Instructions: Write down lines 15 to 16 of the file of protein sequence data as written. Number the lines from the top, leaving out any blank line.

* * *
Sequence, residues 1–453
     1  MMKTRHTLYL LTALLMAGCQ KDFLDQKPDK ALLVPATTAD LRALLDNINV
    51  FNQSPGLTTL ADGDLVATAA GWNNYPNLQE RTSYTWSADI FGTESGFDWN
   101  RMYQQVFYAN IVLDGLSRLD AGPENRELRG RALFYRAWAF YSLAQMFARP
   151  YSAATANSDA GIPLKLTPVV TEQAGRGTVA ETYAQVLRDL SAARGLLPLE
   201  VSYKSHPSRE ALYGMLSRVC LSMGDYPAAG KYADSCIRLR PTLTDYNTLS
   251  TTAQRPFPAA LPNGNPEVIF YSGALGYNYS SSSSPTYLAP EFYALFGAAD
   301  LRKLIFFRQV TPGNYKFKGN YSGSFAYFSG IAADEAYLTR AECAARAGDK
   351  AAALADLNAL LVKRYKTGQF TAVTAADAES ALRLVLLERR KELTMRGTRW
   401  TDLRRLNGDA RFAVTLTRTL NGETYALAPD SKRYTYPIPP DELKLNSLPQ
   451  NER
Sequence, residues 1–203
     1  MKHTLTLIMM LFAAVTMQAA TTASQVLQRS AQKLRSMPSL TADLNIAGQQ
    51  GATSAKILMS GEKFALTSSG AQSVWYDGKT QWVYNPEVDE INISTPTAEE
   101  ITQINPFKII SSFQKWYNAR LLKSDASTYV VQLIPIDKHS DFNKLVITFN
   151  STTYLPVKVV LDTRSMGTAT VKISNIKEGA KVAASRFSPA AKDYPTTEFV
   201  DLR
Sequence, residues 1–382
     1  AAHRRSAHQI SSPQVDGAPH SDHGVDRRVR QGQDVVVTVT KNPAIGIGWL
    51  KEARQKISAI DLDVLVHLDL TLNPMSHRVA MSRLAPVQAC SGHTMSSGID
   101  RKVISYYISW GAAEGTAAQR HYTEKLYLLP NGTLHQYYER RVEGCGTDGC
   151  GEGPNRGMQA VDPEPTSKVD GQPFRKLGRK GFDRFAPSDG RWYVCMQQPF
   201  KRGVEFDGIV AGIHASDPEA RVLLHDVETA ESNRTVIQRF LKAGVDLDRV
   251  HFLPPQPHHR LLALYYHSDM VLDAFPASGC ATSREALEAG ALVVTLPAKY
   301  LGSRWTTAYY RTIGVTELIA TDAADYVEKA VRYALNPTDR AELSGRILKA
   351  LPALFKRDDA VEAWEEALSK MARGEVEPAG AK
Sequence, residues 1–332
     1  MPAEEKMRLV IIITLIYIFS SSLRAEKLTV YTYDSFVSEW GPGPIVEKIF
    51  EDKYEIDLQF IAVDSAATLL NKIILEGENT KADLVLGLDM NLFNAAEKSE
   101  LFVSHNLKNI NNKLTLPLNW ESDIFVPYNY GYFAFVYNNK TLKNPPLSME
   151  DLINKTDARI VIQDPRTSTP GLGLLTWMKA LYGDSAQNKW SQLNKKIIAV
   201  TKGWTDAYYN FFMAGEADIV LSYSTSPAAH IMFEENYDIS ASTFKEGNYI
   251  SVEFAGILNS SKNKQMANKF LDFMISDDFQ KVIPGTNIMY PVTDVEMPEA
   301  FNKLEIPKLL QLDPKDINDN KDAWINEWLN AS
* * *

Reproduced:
   101  ITQINPFKII SSFQKWYNAR LLKSDASTYV VQLIPIDKHS DFNKLVITFN
   151  STTYLPVKVV LDTRSMGTAT VKISNIKEGA KVAASRFSPA AKDYPTTEFV